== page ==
Wrong amount of infer-rable explanation: Wizard Suliman and Miss Angorian. Miss Angorian was the Witch of the Waste's fire demon who crossed worlds to latch onto an (untrained, mind you) wizard? Who *then* ran away from her, effectively "disappearing" so she couldn't catch up with him? Despite the fact that he's a fairly public figure in Ingary? Or is Miss Angorian a real person replaced by the demon?

Right amount of offscreen action: Martha. She switched places with Lettie, is loving learning pastry-making (which we see through her interactions at the bakery), is dating Michael (which we see through his perspective).

Wrong amount of offscreen action: Lettie. She switched places with Martha, is learning magic, is being wooed by Howl (to be fair, we see this), has an incredibly loyal dog who frequently turns into a man who is trying to warn her about her sister in danger who is also partially in love with her (the parts that are the Wizard Suliman, not, for some unexplained reason, the parts that are Prince Justin). ?!


Petula Darling I just recently joined this group, and I'm so glad I did since it got me to read Howl's Moving Castle. I didn't really enjoy it at first (hard time relating to Sophie in the beginning), but I was swept away as soon as we stepped on board the castle.

One thing I'm still not sure of is what to think about Fanny. She is shown to be kind and caring, yet the two younger girls insist she is horrible and selfish - what is the point of this storyline?


message 13: by Kaion (last edited Mar 16, 2010 11:36AM) (new) - rated it 5 stars

Kaion (kaionvin) Petula wrote: "One thing I'm still not sure of is what to think about Fanny. She is shown to be kind and caring, yet the two younger girls insist she is horrible and selfish - what is the point of this storyline? ..."

Can't she be both? She's manipulative (but who isn't)- but it's really ultimately Sophie's own nothing doormat-ness that gets her stuck making the hats. Fanny cares, but she does suffer a little bit of creative imagination (though I do wish her character were more developed).

Fanny's purpose is mainly the whole fairytale subversion thing. And to a lesser sense she does ultimately show the stages of Sophie's growth. Sophie goes from:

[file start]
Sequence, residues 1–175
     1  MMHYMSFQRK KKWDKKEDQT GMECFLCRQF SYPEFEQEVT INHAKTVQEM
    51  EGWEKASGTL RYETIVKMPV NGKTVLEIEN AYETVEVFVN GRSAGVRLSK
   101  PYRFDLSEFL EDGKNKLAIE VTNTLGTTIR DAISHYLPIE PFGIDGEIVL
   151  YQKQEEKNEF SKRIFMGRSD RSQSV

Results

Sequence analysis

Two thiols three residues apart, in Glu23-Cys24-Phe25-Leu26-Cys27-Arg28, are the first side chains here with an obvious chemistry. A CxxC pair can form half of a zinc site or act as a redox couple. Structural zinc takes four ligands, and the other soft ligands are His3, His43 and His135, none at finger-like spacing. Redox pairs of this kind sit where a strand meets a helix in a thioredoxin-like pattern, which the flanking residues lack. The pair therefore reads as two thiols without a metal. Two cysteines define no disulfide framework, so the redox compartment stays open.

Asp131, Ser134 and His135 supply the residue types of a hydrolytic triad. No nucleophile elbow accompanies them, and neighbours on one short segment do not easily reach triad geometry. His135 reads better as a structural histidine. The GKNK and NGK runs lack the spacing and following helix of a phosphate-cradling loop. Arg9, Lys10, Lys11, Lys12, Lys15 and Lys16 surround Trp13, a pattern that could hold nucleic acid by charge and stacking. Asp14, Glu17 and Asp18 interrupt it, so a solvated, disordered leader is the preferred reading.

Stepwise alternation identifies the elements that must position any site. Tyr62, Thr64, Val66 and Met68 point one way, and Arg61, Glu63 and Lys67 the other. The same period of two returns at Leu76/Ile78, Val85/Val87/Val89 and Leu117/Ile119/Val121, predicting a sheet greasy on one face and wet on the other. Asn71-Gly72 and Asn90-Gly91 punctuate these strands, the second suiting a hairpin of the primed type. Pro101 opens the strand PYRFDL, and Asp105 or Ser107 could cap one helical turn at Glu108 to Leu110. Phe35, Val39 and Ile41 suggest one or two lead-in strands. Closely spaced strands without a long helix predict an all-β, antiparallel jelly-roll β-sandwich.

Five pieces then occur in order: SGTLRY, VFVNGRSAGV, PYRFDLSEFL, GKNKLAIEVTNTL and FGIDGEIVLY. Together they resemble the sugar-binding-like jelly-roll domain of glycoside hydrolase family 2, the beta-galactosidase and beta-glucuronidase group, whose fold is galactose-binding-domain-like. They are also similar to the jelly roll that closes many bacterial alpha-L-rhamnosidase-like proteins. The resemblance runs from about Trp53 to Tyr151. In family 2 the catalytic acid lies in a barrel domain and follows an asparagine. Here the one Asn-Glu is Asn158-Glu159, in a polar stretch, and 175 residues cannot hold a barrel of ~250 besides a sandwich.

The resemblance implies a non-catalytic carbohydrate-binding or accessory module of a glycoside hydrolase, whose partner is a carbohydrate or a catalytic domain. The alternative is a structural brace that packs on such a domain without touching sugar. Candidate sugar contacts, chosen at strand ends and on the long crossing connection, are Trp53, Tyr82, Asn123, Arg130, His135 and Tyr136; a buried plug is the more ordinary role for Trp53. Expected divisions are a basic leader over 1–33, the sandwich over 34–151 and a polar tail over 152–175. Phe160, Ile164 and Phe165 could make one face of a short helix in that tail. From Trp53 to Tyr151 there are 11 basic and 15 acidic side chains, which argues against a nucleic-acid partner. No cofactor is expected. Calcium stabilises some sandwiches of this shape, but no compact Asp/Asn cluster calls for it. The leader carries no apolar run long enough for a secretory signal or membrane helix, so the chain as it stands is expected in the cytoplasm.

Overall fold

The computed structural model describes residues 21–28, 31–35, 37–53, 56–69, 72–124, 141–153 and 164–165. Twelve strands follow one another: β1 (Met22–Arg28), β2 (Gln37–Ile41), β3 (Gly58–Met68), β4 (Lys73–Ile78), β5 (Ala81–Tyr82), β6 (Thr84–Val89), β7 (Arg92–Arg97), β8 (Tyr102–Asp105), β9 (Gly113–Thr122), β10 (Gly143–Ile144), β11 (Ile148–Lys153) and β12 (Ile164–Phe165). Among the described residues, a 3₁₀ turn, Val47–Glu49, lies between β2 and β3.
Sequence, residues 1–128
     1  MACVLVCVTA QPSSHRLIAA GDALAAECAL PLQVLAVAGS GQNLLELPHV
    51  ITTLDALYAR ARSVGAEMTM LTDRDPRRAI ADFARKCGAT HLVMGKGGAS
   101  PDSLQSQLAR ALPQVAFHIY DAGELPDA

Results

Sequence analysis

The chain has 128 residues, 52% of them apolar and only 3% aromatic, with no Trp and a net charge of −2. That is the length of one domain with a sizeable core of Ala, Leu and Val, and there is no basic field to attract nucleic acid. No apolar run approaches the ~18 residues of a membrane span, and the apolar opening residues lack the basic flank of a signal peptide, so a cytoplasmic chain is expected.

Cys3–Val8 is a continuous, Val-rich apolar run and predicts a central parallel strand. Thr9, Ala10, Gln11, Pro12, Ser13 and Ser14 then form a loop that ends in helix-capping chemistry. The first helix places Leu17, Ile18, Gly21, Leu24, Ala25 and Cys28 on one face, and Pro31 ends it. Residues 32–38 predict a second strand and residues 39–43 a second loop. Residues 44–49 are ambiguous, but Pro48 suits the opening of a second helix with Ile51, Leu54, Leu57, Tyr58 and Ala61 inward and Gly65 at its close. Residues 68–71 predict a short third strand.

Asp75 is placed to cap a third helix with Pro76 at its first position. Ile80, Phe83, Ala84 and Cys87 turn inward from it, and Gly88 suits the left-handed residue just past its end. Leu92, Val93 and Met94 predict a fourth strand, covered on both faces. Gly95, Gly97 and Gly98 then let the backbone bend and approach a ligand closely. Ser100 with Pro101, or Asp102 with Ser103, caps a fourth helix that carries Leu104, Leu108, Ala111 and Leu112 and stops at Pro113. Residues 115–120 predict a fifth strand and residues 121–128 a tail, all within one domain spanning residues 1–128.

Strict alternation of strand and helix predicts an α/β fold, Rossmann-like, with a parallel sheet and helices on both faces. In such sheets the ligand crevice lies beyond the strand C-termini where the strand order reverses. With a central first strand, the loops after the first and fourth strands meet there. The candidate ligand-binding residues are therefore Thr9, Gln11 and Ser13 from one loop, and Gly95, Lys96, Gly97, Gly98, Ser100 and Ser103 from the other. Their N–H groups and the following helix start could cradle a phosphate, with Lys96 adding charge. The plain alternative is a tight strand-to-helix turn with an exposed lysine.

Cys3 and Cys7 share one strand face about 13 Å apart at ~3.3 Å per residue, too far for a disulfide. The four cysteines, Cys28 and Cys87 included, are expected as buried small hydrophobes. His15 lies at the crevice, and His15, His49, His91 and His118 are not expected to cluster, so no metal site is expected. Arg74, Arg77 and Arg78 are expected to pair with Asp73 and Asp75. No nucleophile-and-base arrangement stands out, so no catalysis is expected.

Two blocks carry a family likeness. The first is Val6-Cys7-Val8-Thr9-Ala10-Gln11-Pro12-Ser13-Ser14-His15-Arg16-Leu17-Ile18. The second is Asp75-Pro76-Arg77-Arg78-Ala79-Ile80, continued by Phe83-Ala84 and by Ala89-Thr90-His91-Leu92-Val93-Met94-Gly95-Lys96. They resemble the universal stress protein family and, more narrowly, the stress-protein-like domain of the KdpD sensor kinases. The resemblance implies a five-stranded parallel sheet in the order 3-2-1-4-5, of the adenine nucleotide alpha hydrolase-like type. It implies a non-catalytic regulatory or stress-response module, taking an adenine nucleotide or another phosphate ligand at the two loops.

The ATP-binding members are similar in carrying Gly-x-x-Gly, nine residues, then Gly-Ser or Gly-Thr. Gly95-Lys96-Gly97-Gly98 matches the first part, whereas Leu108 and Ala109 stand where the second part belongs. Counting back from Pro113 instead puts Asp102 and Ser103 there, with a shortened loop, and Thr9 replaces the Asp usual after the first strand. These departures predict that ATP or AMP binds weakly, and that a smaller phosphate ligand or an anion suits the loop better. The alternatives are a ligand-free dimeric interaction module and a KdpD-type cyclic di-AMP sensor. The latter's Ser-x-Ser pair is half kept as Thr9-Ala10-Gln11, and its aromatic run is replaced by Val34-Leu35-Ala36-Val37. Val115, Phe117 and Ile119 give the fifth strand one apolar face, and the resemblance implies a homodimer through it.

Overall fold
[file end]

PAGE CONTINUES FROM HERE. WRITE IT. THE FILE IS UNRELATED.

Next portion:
1)being passively "trapped" into hatmaking...
to 2) being presented with Fanny as "horrible" by her sisters (representing our "teenage rebellion phase of growth)
to 3) seeing Fanny as another person/human being (acknowledging how young Fanny really is and how Fanny must have felt being "trapped" as well).


Petula Darling That's a good point, Kaion, about how Fanny serves as something of a measuring stick for Sophie's growth.
However, your comments made me wish even more strongly that the storyline were more fleshed out. I never understood if she was truly off galavanting while Sophie slaved in the shop, or if she was actually doing necessary work. Were the girl's opinions of Fanny showing two sides of her nature? Or were the opinions of the younger girls off base due to their youth and self-centered point of view (sort of like a kid who says her mother is a horrible person who never lets her do anything when the mother simply said she was not allowed to play in traffic)?
If the author didn't want to delve any further into that part of the story, it seems like it would have made more sense to just ditch the questioning of Fanny's character altogether. Of course, then Sophie would have felt guilty for leaving her, so maybe questioning Fanny's motivations allowed her character to go off on her own adventures without feeling a need to return. Still, that seems like a sloppy plot device.